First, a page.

Keywords: litigation, immigration, U.S. Citizenship and Immigration Services, visas
—Rajan O. Dhungana, UNLV Boyd School of Law J.D. Candidate 2013
September 27, 2011
USCIS Begins First Phase of EB-5 Enhancements
U.S. Citizenship and Immigration Services (USCIS) is implementing the first phase in a series of proposed enhancements to the EB-5 program [PDF]. Form I-924 applicants can now communicate directly with USCIS adjudicators via email, helping to streamline the process and to quickly raise and resolve issues and questions that arise during the adjudication process. The Form I-924 is the Application for Regional Center Under the Immigrant Investor Pilot Program. Information on how direct email communication will work can be found in the USCIS Questions and Answers document.
Keywords: litigation, immigration, U.S. Citizenship and Immigration Services, EB-5
—Rajan O. Dhungana, UNLV Boyd School of Law J.D. Candidate 2013
September 27, 2011
USCIS Seeks Comments on SIJ Classification
U.S. Citizenship and Immigration Services (USCIS) is seeking public comment on a proposed rule governing the Special Immigrant Juvenile (SIJ) classification. The proposed rule, if promulgated as a final rule, would allow USCIS to grant SIJ classification to petitioners whose reunification with one or both parents is not possible because of abuse, neglect, abandonment, or a similar basis found under state law. USCIS will accept public comments until November 7, 2011.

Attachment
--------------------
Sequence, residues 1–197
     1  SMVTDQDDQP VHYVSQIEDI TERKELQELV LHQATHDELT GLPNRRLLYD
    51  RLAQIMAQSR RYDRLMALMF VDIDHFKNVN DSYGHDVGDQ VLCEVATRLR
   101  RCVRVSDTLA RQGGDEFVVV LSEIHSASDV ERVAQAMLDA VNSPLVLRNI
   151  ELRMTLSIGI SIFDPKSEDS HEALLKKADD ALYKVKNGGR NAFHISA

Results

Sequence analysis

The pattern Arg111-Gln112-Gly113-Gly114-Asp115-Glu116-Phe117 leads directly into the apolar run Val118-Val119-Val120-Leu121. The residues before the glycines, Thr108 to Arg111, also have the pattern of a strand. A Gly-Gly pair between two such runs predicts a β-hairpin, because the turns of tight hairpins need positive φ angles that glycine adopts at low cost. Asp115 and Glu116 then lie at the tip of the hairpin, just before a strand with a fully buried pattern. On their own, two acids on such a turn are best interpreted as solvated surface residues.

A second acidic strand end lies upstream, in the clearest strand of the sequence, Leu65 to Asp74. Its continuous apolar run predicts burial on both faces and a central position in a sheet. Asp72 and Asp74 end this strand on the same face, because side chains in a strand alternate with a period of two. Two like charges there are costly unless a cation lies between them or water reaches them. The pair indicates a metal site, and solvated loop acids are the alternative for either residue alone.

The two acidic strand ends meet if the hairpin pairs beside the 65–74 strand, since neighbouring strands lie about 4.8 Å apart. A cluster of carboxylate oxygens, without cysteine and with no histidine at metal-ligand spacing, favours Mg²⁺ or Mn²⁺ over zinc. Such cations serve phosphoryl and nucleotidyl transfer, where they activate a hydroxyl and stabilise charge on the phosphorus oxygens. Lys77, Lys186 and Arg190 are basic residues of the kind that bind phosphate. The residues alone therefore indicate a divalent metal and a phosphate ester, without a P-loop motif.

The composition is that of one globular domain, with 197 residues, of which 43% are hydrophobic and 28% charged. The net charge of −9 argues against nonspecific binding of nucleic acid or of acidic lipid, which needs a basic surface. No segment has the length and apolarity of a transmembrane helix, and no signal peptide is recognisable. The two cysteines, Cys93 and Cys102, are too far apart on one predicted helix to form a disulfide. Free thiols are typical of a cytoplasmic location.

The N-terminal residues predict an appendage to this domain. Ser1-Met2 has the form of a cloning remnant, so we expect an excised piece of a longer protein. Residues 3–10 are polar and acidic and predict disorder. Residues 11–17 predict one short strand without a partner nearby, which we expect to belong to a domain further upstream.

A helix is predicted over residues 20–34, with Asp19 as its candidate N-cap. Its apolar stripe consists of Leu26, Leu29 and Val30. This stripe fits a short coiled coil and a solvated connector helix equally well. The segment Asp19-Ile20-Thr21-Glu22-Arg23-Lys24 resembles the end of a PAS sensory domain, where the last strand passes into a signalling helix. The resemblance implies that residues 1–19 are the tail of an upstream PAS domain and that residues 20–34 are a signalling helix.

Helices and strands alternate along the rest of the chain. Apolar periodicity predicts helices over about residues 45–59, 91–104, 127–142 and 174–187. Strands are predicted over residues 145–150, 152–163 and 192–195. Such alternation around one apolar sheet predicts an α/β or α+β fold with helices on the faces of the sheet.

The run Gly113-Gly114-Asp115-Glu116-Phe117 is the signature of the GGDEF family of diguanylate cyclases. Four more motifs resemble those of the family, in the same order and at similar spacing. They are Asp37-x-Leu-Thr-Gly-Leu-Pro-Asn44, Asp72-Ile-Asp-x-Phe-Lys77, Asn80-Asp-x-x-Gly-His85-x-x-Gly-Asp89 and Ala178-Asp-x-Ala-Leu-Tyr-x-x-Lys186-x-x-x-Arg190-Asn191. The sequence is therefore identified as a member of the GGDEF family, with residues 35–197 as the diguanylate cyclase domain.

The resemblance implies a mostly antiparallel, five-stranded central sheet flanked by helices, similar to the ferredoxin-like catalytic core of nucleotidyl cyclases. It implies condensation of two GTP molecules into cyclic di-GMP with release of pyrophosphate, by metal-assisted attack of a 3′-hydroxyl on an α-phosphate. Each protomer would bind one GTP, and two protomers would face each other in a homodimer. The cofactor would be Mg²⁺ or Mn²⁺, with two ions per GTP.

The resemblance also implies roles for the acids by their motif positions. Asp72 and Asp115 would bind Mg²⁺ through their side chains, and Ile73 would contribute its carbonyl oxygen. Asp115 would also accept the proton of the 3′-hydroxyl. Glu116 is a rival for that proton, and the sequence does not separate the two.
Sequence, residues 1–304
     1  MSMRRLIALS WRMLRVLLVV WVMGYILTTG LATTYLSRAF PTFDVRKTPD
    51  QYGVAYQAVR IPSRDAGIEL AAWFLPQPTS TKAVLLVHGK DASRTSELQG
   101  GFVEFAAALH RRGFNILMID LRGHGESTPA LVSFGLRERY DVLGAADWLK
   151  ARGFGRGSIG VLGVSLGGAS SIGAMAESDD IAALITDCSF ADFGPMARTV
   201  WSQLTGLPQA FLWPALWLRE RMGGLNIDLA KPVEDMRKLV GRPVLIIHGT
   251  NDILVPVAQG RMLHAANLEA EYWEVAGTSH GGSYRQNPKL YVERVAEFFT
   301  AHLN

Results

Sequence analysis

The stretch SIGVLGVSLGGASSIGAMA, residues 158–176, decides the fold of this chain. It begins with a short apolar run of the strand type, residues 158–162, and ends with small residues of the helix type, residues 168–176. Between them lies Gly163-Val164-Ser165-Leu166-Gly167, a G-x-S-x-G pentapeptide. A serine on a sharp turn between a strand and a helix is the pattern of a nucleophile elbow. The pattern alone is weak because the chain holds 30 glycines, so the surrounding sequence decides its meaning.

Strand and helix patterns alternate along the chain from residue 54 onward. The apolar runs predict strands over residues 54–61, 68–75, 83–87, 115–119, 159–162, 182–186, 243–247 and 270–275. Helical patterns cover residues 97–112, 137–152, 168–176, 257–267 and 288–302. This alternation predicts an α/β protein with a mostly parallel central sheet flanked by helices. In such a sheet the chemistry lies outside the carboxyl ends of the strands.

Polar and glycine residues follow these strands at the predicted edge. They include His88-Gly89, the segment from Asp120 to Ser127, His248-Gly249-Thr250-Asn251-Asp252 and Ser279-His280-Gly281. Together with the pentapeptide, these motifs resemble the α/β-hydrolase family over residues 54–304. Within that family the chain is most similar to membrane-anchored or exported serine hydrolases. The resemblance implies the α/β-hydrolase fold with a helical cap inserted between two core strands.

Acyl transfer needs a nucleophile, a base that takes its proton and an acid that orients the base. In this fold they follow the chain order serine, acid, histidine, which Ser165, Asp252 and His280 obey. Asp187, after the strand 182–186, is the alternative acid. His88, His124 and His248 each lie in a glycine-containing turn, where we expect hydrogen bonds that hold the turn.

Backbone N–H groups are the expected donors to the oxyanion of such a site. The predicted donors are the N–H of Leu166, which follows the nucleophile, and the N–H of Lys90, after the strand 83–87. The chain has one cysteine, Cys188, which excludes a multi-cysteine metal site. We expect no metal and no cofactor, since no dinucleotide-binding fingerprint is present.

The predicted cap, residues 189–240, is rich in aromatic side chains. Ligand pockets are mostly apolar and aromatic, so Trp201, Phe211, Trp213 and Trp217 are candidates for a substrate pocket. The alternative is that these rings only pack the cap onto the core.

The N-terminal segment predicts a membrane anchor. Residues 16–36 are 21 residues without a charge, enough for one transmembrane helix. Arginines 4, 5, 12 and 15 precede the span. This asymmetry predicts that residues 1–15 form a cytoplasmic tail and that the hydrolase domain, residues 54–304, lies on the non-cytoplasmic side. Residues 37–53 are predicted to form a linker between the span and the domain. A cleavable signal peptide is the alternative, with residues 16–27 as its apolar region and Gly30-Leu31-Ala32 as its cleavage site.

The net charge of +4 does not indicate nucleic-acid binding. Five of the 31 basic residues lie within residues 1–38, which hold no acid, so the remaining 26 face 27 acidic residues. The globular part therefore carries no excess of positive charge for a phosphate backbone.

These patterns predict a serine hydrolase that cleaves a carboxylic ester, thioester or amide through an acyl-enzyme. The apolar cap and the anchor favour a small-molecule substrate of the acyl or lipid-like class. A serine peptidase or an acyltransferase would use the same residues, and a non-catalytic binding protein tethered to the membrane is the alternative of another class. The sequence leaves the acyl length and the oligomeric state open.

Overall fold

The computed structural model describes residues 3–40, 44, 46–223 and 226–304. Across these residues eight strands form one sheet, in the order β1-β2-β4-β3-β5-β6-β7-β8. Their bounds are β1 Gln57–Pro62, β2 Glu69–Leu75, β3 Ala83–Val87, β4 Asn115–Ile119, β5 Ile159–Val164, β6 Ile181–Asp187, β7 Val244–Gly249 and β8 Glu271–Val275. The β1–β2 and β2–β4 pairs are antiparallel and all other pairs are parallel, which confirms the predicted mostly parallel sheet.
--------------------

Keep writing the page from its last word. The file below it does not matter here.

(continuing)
Keywords: litigation, immigration, U.S. Citizenship and Immigration Services, Special Immigrant Juvenile
—Rajan O. Dhungana, UNLV Boyd School of Law J.D. Candidate 2013
September 27, 2011
FAQ Provides Details on DHS Case Closures
U.S. Immigration and Customs Enforcement (ICE) has issued a Frequently Asked Questions (FAQ) document addressing the Department of Homeland Security’s (DHS) new policy of exercising discretion to close removal cases that are not high enforcement priorities. In a memorandum dated June 17, 2011, ICE provided guidance to agency personnel on exercising prosecutorial discretion to ensure that the agency’s immigration enforcement resources are focused on the agency’s enforcement priorities. The new FAQ provides further details on the reasons and goals for the new process.
Keywords: litigation, immigration, U.S. Immigration and Customs Enforcement, Department of Homeland Security
—Rajan O. Dhungana, UNLV Boyd School of Law J.D. Candidate 2013
February 3, 2011
Tenth Circuit Excludes "Human Factors" Expert
In Graves v. Mazda Motor Corp., the Tenth Circuit affirmed the trial court’s decision to exclude “human factors” expert testimony. Exclusion of the expert’s testimony mandated summary judgment. The Tenth Circuit found that the witness did not meet the standards of Rule 702, as his proposed testimony was not based on any data, industry standard, or testing, and instead “rests on no more than his say so,” which is far short of what is required for admission.
Keywords: litigation, expert witnesses, human factors, Tenth Circuit, Rule 702
— John H. Bogart, Telos VG, PLLC, Salt Lake City, Utah
Expert Witnesses under State Law